After Denise Shepard's 3½-year-old Boston bull terrier bolted from her family's six-acre farm near Battle Creek, Mich., in January, she eventually thought he was lost forever.
Four months later, Shepard was floored to receive a phone call Monday morning from the Wheeling Animal Hospital and Pet Resort notifying her that her dog, Frankie, had been found roughly 197 miles from home.
"I was so excited, people were all staring at me," said Shepard, who was at the local community college when she got the news. "I can't even tell you I was so happy."
She drove four hours to be reunited with her pet Tuesday afternoon.
"After like the third month, I thought someone just had him and would never give him back," an emotional Shepard said as she cradled Frankie tightly in her arms. "He's been gone for so long, I didn't even think I was going to see him again."
Wheeling resident Mark Feldstein found Frankie early Sunday morning when the dog walked up to his car in the parking lot of Harmony Village apartments without a collar or tag.
"I drove around with him for about a half-hour and finally took him to the police station," Feldstein said.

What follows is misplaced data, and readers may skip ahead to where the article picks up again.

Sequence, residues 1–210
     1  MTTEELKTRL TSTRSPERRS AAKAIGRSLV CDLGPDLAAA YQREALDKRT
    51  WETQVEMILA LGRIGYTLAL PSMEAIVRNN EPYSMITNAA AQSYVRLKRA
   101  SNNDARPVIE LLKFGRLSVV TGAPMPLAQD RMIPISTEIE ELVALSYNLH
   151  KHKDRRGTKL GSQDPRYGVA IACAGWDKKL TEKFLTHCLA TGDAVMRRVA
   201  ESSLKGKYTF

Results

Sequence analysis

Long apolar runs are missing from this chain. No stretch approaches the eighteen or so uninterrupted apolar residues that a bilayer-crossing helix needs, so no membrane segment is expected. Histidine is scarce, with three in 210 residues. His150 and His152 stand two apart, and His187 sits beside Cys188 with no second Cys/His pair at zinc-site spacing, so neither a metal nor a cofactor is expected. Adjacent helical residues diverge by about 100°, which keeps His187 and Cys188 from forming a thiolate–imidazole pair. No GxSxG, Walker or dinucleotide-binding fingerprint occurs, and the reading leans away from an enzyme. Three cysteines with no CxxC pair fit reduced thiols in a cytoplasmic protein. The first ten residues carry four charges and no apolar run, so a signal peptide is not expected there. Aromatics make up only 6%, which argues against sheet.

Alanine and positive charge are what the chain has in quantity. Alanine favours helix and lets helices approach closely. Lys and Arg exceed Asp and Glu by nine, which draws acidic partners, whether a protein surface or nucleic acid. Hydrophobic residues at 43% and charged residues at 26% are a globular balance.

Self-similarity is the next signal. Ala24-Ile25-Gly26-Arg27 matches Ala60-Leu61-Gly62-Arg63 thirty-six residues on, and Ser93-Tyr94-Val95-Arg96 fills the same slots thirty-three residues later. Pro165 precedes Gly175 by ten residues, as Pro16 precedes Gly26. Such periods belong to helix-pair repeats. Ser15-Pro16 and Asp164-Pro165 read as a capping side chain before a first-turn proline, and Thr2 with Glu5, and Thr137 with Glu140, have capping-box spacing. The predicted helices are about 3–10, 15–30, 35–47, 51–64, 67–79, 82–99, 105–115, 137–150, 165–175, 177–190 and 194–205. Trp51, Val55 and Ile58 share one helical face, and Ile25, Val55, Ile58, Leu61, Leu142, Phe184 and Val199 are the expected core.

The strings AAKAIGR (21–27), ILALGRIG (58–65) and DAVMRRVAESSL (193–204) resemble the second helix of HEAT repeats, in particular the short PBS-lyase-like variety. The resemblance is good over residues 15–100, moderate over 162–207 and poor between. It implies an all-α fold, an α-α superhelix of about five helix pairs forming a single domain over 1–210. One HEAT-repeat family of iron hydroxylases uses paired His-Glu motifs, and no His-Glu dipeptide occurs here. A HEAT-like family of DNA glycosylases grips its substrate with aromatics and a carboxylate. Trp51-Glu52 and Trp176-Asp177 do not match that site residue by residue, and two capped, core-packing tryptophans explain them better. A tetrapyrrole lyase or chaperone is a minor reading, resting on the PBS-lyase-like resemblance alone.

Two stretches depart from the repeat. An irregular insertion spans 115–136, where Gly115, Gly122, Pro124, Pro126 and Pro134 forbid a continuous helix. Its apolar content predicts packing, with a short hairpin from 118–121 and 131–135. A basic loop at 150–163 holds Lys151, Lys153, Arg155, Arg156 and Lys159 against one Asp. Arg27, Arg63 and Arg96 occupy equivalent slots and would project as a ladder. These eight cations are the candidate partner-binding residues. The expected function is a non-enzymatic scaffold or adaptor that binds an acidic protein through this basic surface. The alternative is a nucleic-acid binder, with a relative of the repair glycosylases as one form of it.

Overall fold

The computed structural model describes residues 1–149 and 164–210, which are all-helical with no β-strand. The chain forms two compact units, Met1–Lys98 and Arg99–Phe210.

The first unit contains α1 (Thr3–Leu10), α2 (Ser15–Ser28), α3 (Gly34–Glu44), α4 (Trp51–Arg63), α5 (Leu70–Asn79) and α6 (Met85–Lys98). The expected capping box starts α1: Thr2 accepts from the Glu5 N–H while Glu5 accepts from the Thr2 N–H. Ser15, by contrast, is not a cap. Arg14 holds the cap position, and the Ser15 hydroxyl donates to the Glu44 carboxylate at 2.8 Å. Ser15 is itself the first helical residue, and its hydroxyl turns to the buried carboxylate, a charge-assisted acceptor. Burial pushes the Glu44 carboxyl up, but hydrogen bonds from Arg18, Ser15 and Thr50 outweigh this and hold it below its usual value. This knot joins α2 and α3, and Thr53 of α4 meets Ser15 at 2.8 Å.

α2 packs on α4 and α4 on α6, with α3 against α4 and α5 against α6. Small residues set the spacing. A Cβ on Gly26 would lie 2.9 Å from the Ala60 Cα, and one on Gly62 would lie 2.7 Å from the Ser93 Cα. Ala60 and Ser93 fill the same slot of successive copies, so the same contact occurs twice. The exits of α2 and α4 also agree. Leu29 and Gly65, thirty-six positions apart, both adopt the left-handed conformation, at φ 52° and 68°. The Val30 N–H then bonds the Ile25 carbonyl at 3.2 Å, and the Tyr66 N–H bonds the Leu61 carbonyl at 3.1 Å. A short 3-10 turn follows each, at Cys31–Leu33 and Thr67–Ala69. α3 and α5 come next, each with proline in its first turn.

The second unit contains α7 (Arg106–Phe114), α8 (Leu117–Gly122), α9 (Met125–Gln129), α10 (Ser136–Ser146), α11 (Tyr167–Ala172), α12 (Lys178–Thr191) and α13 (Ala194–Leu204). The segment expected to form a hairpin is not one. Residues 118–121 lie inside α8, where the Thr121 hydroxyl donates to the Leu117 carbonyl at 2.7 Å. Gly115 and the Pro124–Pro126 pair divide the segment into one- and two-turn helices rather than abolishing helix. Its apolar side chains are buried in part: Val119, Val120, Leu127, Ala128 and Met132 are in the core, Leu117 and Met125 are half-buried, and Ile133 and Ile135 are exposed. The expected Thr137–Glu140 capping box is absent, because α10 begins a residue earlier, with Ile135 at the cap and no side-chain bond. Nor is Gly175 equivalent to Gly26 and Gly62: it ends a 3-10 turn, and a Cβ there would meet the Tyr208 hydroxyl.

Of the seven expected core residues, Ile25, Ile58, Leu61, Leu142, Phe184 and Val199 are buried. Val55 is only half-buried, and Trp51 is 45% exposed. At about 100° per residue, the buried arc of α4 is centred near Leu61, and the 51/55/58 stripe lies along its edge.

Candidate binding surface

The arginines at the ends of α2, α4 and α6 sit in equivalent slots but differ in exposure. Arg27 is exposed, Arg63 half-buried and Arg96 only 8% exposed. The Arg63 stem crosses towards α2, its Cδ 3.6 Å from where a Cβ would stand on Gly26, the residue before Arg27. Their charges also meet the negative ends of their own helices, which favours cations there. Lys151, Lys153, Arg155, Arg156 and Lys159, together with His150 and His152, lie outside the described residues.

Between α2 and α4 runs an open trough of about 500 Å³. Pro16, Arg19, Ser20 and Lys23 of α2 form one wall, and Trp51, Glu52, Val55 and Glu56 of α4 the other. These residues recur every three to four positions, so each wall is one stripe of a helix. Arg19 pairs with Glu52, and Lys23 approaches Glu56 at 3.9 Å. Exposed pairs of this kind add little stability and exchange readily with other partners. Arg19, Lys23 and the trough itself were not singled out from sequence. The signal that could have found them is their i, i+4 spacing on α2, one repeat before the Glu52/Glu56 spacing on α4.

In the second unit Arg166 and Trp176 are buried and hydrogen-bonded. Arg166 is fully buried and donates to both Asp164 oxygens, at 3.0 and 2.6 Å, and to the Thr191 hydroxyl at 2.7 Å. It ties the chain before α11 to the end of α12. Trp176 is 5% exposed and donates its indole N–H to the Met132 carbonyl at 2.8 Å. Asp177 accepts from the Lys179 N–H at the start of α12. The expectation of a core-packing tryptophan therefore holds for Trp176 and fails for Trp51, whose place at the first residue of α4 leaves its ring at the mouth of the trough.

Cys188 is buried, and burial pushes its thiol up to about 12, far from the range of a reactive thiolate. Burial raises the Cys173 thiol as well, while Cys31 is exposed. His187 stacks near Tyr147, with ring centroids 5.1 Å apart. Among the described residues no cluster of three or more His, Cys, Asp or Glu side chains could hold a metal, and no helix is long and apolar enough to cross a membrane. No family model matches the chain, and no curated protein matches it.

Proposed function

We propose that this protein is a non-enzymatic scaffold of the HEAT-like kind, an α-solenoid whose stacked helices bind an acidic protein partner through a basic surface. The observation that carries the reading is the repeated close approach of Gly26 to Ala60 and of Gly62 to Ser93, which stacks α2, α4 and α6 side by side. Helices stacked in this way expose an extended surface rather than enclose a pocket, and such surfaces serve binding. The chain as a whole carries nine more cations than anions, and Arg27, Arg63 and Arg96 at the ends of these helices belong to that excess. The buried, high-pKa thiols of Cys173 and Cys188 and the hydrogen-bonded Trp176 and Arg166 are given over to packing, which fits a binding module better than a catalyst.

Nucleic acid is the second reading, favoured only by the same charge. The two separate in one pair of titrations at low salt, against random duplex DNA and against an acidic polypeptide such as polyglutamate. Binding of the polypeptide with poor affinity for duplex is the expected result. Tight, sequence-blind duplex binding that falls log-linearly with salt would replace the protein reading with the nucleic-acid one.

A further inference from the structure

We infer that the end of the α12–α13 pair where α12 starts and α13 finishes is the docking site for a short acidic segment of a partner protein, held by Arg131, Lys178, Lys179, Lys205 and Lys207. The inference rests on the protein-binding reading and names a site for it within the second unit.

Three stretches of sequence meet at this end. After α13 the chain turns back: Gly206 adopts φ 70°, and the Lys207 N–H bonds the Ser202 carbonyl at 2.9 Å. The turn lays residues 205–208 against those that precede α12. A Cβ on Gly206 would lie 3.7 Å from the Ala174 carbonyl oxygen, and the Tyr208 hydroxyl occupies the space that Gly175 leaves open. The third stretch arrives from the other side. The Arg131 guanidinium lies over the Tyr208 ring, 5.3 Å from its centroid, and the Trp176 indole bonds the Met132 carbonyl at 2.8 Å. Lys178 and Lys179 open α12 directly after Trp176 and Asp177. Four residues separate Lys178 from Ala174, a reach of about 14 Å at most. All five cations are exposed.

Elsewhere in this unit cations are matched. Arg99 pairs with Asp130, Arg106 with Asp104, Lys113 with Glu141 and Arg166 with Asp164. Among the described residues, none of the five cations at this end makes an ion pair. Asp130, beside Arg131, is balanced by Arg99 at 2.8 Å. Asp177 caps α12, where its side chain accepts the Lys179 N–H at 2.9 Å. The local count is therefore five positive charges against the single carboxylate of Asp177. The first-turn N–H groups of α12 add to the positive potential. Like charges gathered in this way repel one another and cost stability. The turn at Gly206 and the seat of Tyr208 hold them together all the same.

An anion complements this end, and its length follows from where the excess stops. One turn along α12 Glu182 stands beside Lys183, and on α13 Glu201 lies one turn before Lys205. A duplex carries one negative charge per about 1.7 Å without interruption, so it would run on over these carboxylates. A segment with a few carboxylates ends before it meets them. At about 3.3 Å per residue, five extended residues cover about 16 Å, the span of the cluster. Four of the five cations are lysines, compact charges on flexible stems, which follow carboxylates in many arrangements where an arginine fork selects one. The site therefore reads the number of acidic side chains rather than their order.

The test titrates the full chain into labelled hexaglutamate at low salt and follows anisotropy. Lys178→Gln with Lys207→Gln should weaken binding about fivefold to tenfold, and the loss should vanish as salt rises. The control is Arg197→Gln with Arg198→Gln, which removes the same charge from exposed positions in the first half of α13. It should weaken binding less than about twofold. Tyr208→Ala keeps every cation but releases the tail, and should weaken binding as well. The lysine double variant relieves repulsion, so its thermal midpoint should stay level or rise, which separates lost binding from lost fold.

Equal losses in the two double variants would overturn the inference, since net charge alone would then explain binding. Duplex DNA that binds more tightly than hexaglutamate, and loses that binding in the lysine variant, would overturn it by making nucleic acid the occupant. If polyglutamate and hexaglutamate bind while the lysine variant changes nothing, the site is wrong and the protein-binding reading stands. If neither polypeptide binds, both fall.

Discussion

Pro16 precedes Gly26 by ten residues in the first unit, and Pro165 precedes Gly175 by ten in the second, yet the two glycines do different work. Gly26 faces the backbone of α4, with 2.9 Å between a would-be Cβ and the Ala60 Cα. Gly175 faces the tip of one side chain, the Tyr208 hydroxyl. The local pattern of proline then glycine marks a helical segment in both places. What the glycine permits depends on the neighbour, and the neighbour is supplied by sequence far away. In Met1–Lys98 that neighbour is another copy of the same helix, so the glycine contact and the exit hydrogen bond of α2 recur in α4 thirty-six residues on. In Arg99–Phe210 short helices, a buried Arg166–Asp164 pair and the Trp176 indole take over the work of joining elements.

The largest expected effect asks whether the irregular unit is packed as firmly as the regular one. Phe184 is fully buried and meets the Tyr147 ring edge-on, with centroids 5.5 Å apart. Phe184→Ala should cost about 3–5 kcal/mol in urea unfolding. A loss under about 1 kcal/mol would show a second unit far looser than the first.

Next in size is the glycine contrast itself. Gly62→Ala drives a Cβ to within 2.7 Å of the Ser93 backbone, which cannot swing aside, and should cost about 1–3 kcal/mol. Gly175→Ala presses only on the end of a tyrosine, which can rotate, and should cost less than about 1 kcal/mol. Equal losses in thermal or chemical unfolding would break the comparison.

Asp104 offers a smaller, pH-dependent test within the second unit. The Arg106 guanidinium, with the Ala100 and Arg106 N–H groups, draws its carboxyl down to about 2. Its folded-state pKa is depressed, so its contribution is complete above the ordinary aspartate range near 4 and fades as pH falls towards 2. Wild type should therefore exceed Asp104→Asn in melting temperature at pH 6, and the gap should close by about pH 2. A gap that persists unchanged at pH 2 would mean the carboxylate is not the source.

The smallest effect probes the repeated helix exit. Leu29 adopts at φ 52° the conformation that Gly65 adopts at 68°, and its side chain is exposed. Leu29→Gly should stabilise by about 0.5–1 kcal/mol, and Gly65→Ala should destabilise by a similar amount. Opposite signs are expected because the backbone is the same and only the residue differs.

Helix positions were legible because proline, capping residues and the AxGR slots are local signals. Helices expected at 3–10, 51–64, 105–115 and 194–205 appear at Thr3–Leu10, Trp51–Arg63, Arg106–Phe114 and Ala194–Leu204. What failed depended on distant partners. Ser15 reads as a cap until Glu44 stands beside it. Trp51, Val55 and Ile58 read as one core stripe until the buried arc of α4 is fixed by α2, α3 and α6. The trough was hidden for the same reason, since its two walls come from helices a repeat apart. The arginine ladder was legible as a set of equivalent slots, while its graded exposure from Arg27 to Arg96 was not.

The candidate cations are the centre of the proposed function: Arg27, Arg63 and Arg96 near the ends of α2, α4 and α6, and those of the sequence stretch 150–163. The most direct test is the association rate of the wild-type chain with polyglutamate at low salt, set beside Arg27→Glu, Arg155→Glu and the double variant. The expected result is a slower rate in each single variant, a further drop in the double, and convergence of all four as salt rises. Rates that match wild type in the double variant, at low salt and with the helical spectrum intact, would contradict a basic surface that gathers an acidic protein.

Wheeling police asked Feldstein to drop off the dog at the animal hospital, which has an agreement with the police department to take in lost or abandoned dogs and cats.
"I was all ready to adopt him," Feldstein said of the dog if the owners could not be found. Feldstein has a 10-year-old Chihuahua, Chico, who would have liked a brother.
Luckily, a microchip embedded near the neck and shoulder area of the dog bore a serial number that helped locate Shepard.
Frankie had not been neutered, which is a primary reason why male dogs run away, said Joan Roberts, owner of Pierre Le Bark's Pet Boutique, which is inside the animal hospital owned by her husband, veterinarian Humphrey Roberts.
Under the hospital's contract with the Wheeling police department, 12 dogs and 20 cats have been brought to the facility, Roberts said.
"We've been here for 20 years in June - never had such a story," she added. "My best guess is a trucker or just a family going through picked him (Frankie) up."
Hospital doctors gave Frankie a thorough physical examination and found him to be healthy, but did give him vaccinations.
Shepard said she got Frankie when he was six weeks old. He and her two other dogs - a 41/2-year-old female Rottweiler named Xena and a 21/2-year-old male Chihuahua, Raffy - were playing in the backyard. Her husband Joe was watching them while doing chores. In a matter of seconds, Xena and Frankie disappeared. Though the Rottweiler returned, Frankie was nowhere to be found.
"He's an indoor dog," said Shepard, who had initially missed the call about his recovery because she was taking a physiology final exam for her nursing degree at Kellogg Community College in Battle Creek. "We live out in the country on six acres right outside of Battle Creek. But I think we're going to put a fence in the backyard now because I don't trust him."